Monday, February 18, 2008

NERD

I remember being called a nerd in elementary school and the come-back of the time was, "thanks, I'm a 'Never Ending Radical Dude'". Oh, I know it's childish, but that's OK, I was a child. At the time, I don't think I had a clue what the word radical meant, except that it was 'rad' which was good.

More recently I have been called radical for some of the ideas I express on this blog. Now I have a better understanding of the word radical. I think people are implying that I am 'making a considerable departure from the usual or traditional'. I find this to be an interesting accusation because I feel that I'm advocating going back to the traditional or usual. I think that many of the modern conveniences that we rely so heavily on are detrimental to people and to society as a whole.

Now I want to make a point because I think some of the 'hate mail' that I recieve is from people who have misunderstood me. I'm not completely against technology or modern conveniences, I'm against the tendency to rely heavily upon them. Do I think people that drive cars are bad people? Of course not... or at least not all of them. I simply believe that people and society would benefit if more people were to take a step back to the traditional. Take a step toward transportation that requires physical exertion. Take a step toward understanding and a step away from relying on technology that we don't understand.

Another point made by my 'hate mail' fans is that I don't understand individual circumstances. I suppose that is true. There are a couple of points to be made here. First of all, sure there are reasons to drive a car and even to rely heavily on a car. My last job required me to drive a considerable amount. On the flip side of that, I made that choice. I also made the choice to change my situation so that I no longer had to rely on my car, because that was important to me. I understand that people live 50 miles away from work and have to drive. I understand that they can't afford housing any closer... I take that back, I don't understand. I think it's a matter of choice. If you can afford a home away from work and to pay for gas, insurance, a car, etc., then can't you afford a small place nearer to work that would allow you to commute by bike (as you say you want to)? I do understand that it is a difficult choice to sacrifice a large house that you are buying to move to a rental that is significantly smaller. I understand choosing to live further from work in order to have some of the conveniences provided by that choice. What I don't understand is people thinking that life is predetermined. We always have choices and options. Sometimes they aren't all that attractive, but if you really look at the situation, you can see options.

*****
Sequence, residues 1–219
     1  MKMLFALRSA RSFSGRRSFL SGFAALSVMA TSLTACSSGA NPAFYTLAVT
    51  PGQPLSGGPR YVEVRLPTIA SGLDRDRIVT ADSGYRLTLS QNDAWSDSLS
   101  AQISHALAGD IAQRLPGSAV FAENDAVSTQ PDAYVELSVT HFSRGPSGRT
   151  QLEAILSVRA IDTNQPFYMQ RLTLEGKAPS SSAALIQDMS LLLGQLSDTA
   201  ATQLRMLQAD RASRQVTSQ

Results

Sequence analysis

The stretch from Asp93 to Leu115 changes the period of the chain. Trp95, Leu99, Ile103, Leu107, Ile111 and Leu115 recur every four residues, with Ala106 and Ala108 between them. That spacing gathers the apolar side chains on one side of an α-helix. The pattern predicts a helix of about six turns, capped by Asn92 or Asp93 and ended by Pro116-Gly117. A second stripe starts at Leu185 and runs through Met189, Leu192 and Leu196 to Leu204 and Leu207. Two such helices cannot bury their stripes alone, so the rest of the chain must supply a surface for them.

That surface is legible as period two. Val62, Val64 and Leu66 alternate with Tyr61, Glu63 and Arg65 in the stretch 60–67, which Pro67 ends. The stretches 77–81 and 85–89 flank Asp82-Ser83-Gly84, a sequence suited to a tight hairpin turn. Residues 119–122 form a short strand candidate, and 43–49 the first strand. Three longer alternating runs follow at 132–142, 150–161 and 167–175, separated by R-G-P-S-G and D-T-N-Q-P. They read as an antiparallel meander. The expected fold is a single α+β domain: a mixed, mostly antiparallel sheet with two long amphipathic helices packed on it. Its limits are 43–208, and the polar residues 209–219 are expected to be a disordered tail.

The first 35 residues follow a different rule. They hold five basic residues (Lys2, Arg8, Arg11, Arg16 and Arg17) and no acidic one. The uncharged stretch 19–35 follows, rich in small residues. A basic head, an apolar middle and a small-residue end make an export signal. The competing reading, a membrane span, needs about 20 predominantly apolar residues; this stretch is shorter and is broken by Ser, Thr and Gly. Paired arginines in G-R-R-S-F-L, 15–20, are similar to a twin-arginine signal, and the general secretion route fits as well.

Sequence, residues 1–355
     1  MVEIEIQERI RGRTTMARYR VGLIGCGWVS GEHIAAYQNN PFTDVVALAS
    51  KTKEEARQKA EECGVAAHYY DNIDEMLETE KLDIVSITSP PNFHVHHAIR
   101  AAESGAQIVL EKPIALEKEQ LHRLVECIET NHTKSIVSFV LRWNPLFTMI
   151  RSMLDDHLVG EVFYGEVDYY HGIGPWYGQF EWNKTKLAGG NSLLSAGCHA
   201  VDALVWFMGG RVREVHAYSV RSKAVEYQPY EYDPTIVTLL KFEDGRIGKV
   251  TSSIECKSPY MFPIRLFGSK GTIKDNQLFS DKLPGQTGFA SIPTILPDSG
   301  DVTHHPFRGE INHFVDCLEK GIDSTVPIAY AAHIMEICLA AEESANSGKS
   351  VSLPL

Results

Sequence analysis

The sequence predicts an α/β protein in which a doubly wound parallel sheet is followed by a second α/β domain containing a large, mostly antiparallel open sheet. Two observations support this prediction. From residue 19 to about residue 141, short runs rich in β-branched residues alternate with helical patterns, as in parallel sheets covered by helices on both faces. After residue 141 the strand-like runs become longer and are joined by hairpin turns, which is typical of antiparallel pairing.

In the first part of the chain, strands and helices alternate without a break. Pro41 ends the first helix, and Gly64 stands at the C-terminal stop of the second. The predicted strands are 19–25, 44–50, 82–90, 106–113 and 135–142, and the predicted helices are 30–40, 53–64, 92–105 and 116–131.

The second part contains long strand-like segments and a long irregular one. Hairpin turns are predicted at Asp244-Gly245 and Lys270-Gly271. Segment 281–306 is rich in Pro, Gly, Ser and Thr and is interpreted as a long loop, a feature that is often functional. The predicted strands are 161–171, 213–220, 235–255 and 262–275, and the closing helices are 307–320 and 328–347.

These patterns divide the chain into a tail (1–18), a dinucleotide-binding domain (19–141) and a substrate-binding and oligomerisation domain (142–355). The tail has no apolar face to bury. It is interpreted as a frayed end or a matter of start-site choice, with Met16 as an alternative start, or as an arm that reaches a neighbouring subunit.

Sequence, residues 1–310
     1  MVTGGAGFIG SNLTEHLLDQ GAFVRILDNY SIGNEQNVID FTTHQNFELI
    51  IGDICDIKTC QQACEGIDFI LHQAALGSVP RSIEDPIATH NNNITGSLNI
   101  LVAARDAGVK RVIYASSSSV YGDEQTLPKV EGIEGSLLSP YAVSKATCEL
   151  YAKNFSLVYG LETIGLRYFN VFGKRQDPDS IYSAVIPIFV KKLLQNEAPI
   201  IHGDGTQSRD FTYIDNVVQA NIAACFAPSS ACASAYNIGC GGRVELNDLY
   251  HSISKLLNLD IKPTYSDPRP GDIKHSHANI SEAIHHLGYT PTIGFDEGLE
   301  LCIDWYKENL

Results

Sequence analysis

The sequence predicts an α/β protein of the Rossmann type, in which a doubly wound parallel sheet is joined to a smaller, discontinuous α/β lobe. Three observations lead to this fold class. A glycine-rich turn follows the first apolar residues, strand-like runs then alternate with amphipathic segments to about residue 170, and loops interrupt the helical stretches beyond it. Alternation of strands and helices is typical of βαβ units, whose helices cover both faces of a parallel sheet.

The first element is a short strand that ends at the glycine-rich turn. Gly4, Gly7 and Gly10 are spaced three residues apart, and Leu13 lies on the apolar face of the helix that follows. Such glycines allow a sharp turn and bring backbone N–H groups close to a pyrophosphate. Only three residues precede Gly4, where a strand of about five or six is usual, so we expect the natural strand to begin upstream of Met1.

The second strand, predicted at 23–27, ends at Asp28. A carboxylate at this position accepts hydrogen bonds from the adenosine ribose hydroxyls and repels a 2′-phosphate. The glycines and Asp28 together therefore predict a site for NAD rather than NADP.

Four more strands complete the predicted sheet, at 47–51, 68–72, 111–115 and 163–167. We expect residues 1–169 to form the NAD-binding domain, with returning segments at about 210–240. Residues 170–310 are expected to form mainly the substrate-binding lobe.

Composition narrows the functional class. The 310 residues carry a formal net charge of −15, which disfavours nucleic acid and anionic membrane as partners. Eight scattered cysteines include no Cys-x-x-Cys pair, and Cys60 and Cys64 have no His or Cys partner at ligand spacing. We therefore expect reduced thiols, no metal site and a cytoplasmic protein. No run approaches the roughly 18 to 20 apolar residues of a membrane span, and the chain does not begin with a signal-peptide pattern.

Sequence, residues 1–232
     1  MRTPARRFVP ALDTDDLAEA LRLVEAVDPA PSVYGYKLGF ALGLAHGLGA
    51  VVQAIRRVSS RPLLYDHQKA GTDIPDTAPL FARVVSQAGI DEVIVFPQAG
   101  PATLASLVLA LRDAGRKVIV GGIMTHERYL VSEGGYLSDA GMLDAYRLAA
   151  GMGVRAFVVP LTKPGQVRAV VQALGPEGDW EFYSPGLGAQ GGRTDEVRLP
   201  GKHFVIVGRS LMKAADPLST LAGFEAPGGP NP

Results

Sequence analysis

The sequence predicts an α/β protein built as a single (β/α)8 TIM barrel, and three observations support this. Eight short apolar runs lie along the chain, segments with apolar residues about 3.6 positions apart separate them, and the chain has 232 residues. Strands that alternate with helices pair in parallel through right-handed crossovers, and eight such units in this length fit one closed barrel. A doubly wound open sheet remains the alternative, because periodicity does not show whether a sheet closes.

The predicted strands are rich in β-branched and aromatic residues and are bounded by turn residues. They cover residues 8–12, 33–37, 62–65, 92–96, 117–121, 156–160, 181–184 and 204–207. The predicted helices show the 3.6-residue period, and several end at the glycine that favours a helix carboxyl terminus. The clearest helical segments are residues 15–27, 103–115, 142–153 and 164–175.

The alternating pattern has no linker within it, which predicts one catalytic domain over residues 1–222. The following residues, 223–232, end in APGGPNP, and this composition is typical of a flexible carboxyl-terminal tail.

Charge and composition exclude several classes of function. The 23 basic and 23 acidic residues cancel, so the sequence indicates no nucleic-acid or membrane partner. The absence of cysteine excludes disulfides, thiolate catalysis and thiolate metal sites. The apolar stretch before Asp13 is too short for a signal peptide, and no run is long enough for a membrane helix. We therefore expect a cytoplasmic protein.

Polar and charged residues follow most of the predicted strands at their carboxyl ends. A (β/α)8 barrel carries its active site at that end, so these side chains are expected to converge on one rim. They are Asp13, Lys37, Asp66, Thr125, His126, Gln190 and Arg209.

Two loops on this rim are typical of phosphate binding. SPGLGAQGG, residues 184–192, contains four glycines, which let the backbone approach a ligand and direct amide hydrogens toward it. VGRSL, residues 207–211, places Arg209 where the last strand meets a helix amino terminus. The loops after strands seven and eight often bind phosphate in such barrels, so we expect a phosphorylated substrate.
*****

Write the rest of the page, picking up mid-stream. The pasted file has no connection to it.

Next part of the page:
And then there's the question of what I am supposed to do about it. Am I supposed to change my views? Well, I suppose you could change my views if you provided a convincing argument, but name calling is generally insufficient. Or I could start writing to please everyone. Not a chance. Everyone is afraid of offending others. I'll be honest in saying that I hold back some of my opinions because I know they could be offensive to those I know who read this blog. I wish I didn't do that. I understand that some people close to me don't want to hear what I truly believe just because it isn't the same as what they believe. You are allowed to hold your own opinion. You are even allowed to have opinions that are as strong or stronger than my own. I'll still be nice to you when we meet in person. I won't call you names or otherwise insult you. I may try to persuade you if it seems like that conversation can occur productively and without contention, but you are absolutely entitled to your own opinions.